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  66. People think that if you are physically alone you will be lonely. Not true. Like you say, people can be surrounded by others and still feel lonely. People can be more lonely in relationships than if they were single.

    LK Watts

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  67. Very beautifuly written. Inspiring. I have a friend that I am going to share this with that is struggling with some things right now and this would be perfect.
    Thank you for your writings!

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  68. So agree - loneliness is in the head and not in the circumstances. I'm a widow, my children have left home (I had 4 to bring up on my own) and I spend most of my time alone now. There are occasional moments of self-pity, but I've found a huge contentment in being who I am - wherever that may be.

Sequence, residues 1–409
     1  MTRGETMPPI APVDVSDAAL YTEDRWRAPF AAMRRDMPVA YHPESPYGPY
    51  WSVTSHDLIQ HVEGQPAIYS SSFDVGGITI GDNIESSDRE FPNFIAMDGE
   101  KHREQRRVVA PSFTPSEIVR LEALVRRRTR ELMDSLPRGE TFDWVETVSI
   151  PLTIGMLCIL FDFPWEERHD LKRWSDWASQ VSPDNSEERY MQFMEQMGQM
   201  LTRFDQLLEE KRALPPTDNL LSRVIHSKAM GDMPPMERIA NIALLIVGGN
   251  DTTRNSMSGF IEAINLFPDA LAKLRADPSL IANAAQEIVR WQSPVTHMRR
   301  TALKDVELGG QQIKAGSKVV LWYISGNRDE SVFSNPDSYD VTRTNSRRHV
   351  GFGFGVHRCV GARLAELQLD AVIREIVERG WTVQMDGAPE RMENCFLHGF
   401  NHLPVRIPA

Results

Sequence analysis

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  69. 'Alone' comes from 'All-(is)-one'. I feel lonely when I'm not one with all. What you're writing resonates strongly in me. I feel lonely sometimes, which - I know - is an indicator of not accepting what is. Bein in nature does help me too. Listening to the stillness of it is what lifts my spirits and feel in peace.

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  70. HA! I've been there! I visited the Lake District (relatives from there) when I was 17 years old and will always remember the stark beauty. Though then again, I was *not* alone and thus *felt* alone. ;-P

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  71. Then what is your advice, for the people whose egos are still creating this illusion? How do you break down those thought patterns and stop feeling lonely? I love the ideas you portray here, but would find an explanation of how you came to be in this peaceful place even more interesting.